View Full Version : Rejection

Home - Discussion Forums - News - Reviews - Interviews

New reviews, interviews and news

New in the Discussion Forum

Pages : [1] 2

August 26th, 2002, 02:18 AM
This story is way too long, I'm sorry... you'd be better off telling in
half the length. Plus it's never a good idea to open at story with a
large block of exposition.

This was part of a very prompt reply from a fantasy/sci-fi magazine.

The short story in question was just over 8000 words and the submission guidelines clearly state - up to 10,000 words.

As for the exposition at the start - it was only 282 words introducing the people and the land, then the ending of a festival in the main city. The next paragraph introduces the main character.

Any thoughts?

August 26th, 2002, 03:05 AM
My thoughts:

1) Length is not about absolute length. Your story may fit within the word limit but still be too long in and of itself. In other words, are there any extraneous words you can cut out? Say sentences out loud to yourself - do you stumble anywhere, or run out of breath? If so, remove the offending words. Can any descriptions be cut in half and yet still retain their essence? Remember the maxim that "less is more". While not always true, it can never hurt to edit with that in mind.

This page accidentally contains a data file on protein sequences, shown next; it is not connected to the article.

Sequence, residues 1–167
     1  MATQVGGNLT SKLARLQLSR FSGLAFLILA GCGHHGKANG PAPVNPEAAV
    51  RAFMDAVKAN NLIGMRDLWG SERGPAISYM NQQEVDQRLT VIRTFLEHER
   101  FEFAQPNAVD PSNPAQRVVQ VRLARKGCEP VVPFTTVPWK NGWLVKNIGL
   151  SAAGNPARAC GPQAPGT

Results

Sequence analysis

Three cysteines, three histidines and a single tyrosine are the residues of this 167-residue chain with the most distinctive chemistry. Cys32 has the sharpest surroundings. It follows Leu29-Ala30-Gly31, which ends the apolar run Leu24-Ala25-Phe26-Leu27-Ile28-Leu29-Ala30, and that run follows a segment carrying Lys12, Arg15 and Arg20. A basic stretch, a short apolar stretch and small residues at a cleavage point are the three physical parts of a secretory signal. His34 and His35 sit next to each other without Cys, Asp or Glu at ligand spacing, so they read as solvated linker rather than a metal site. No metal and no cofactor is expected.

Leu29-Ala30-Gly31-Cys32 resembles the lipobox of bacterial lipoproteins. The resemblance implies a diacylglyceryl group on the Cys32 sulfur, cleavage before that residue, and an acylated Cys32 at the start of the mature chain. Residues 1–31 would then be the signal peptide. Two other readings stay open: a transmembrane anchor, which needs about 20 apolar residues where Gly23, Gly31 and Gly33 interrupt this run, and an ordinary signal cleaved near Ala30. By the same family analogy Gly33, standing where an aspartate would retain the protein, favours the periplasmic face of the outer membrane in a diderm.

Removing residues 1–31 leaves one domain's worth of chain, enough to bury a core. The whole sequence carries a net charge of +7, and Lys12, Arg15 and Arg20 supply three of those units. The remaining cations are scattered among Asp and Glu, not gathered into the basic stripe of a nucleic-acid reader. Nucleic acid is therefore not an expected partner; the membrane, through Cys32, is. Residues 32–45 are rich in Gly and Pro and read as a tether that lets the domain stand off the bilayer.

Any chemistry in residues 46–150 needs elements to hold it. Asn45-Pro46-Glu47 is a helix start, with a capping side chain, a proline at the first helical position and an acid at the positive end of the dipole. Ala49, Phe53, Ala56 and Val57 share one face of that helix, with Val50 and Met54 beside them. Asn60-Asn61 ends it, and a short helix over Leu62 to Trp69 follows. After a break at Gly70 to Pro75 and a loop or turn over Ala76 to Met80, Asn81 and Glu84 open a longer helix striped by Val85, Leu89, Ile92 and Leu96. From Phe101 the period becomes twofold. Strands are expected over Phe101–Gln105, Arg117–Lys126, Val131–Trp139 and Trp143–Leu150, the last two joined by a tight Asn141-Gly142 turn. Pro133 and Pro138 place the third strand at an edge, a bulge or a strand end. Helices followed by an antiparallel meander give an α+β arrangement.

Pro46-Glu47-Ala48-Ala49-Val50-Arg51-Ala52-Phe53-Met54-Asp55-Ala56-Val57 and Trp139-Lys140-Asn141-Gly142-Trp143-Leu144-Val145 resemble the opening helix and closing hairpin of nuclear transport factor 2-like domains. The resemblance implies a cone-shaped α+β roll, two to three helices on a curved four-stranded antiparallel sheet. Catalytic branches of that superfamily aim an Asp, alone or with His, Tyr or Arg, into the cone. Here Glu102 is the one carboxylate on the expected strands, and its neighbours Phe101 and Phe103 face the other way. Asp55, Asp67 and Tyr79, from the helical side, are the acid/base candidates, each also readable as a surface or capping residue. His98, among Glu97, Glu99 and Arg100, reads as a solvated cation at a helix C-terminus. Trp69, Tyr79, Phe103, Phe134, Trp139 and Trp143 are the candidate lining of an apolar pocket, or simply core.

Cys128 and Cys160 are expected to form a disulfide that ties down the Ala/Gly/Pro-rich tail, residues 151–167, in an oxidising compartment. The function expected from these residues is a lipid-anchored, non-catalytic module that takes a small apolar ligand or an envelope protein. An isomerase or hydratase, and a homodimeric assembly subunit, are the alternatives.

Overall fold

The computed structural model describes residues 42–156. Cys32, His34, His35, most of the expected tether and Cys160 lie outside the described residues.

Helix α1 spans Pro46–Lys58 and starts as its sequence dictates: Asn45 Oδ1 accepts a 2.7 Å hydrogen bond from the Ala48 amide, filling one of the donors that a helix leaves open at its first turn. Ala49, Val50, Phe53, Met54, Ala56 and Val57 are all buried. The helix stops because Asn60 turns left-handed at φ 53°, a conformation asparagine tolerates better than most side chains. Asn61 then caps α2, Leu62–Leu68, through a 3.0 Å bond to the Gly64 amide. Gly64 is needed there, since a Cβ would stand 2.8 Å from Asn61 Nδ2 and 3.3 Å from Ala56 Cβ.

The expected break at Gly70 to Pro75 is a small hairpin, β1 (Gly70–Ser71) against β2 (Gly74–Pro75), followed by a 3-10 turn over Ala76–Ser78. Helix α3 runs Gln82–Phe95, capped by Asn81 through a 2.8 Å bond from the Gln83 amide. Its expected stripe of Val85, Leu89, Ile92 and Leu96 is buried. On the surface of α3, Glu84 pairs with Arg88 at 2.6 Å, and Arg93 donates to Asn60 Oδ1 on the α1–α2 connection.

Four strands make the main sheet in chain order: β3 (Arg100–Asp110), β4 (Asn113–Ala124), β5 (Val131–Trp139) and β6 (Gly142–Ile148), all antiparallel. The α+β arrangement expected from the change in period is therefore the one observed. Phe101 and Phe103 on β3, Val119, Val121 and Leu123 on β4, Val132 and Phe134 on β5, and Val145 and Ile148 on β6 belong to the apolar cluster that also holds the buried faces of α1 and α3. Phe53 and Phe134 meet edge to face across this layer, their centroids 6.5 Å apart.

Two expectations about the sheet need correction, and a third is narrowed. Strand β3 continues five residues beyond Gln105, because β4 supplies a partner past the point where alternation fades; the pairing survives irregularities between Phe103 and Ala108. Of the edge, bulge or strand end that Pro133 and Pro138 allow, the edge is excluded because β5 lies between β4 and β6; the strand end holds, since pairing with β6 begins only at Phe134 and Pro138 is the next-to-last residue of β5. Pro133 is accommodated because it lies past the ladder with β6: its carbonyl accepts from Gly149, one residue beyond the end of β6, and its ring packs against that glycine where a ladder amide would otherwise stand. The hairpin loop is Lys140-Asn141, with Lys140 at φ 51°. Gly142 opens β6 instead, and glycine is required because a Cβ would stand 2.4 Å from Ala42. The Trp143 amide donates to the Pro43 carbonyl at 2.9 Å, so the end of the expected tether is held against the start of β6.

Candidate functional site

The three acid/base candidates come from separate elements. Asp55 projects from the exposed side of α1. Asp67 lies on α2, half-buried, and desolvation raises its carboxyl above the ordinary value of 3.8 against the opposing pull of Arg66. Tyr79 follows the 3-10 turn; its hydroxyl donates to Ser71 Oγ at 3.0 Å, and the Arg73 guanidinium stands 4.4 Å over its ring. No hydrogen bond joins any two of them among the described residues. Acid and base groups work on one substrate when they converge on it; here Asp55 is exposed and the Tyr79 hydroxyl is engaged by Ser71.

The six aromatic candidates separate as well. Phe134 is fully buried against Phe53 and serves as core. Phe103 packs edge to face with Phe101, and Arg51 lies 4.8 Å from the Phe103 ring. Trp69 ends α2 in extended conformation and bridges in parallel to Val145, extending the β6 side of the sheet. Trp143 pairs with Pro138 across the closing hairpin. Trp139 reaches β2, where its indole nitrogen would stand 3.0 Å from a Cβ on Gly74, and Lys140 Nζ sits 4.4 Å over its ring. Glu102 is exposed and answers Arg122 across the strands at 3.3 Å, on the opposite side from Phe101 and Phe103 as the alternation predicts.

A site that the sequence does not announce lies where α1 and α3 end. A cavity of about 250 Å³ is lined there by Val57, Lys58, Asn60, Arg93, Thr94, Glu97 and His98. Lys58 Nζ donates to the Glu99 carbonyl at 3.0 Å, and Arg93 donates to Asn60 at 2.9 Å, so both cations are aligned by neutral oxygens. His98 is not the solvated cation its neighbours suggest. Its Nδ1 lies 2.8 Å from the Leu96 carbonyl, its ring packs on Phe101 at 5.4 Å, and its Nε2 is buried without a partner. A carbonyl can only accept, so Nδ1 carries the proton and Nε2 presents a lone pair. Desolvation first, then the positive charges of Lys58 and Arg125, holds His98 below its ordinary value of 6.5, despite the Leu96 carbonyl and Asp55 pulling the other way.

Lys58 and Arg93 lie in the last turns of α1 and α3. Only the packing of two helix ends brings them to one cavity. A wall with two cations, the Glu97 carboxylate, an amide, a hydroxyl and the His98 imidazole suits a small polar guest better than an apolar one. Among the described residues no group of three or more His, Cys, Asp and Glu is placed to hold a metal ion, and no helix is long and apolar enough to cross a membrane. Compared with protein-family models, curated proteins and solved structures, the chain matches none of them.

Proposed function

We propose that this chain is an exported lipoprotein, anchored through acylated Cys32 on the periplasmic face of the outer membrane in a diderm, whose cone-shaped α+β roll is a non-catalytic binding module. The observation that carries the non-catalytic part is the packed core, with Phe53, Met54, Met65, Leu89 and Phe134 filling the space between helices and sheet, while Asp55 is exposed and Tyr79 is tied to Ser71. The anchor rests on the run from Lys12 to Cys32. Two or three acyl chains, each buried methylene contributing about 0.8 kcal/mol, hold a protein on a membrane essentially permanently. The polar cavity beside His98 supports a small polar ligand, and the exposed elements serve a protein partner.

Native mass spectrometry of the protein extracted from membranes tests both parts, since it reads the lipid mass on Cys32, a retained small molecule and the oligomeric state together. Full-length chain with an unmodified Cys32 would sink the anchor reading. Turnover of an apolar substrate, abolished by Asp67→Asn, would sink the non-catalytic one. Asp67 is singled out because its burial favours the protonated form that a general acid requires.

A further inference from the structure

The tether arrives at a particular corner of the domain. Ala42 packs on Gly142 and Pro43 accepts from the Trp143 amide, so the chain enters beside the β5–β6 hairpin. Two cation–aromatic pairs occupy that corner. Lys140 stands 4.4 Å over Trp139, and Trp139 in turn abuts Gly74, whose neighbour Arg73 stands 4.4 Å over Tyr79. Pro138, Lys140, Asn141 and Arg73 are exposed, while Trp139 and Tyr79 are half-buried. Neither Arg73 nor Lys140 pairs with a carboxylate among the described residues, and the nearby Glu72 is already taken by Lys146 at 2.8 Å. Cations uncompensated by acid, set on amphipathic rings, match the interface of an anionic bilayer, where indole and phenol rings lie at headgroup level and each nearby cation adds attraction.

2) The great short stories I've read drop you straight into it. It might be better to keep your exposition for a novel. A good alternative for a short story is to have a very brief, evocative (ie. based on the senses, on something powerful and emotive) rather than descriptive intro. Don't describe the people and the land - launch straight into the story, and let the story itself cover that information. If you don't cover it in the story, chances are it doesn't need to be covered. And I know, it can really suck not being able to elaborate upon a world you've so carefully constructed, but we're talking readability. Not to mention, it's always nice to leave some things up to the reader's imagination!

Hope this is of help. Please remember that it's only my opinion. I've tried to be very straightforward, and this sometimes comes over as blunt - I hope this isn't the case!

Also, it's next to impossible for me to comment with any real meaning unless I've read the story itself. I would be happy to provide more directed, constructive criticism if you have a link to the story somewhere, or an electronic copy you want to share.

August 26th, 2002, 03:10 PM